• Strong background in programming (C, C++, FORTRAN, PHP, Perl, Java, JavaScript etc.) and data analysis and visualization software (GrADS, IDV, NCL, S-Plus, Matlab etc.)
  • Experience in working as a member of a research team
  • Ability to think creatively and perform research duties
  • Ability to move computers, connect computers with relevant accessories and upload software

Expected Salary Range:  $60,000.00 – $70,008.00 annually

Applications for employment will be accepted electronically only.  Interested candidates should submit a cover letter with statement of professional goals, and up-to-date CV including list of publications, and names, addresses and daytime phone numbers of three professional references.  Please refer to the following website to apply:  http://asaweb.wku.edu/wkujobs   Please reference requisition number S2897.  For further assistance please call (270) 745-5934.  To ensure full consideration please submit application materials by May 31st, 2011.  Position will remain open until filled. 

Western Kentucky University does not discriminate on the basis of race, color, national origin, sex, sexual orientation, disability, age, religion, or marital status in admission to career and technical education programs and/or activities, or employment practices in accordance with Title VI and VII of the Civil Rights Act of 1964, Title IX of the Educational Amendments of 1972, Section 504 of the Rehabilitation Act of 1973, Revised 1992, and the Americans with Disabilities Act of 1990.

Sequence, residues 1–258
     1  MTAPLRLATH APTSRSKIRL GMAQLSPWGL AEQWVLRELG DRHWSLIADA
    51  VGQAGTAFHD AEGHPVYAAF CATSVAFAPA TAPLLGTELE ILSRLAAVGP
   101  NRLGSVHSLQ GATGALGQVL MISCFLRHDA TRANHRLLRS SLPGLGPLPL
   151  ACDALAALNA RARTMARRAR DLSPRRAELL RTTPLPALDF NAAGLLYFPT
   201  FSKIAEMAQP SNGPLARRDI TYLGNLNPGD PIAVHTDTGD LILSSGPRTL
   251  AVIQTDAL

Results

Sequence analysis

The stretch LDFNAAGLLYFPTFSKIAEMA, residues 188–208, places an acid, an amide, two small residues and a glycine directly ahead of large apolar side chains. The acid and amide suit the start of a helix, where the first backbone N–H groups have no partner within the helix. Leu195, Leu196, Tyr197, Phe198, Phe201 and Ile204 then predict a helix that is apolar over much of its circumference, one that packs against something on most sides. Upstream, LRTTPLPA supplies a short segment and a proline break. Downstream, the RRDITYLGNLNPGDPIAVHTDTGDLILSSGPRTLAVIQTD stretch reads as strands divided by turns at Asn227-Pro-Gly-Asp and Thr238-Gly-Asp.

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Climate Science Myths And Misconceptions – Post #6 On Carbon Dioxide As A Pollutant

I have posted a number of times with respect to whether atmospheric concentrations of CO2 are a pollutant; e.g. see

New Plans To Regulate CO2 As A Pollutant

I want to discuss this further in order to expose a misconception on this issue.  

Misconception #6:  Carbon Dioxide Is In The Same Group As The EPA Criteria Pollutants.

As I wrote in my post

Is CO2 a Pollutant?

A “pollutant” is defined as:

“a harmful chemical or waste material discharged into the water or atmosphere.”

To “pollute” is to:

“make unclean, impure, or corrupt; defile; contaminate; dirty.”

The American Meteorological Society’s Glossary lists the definition as: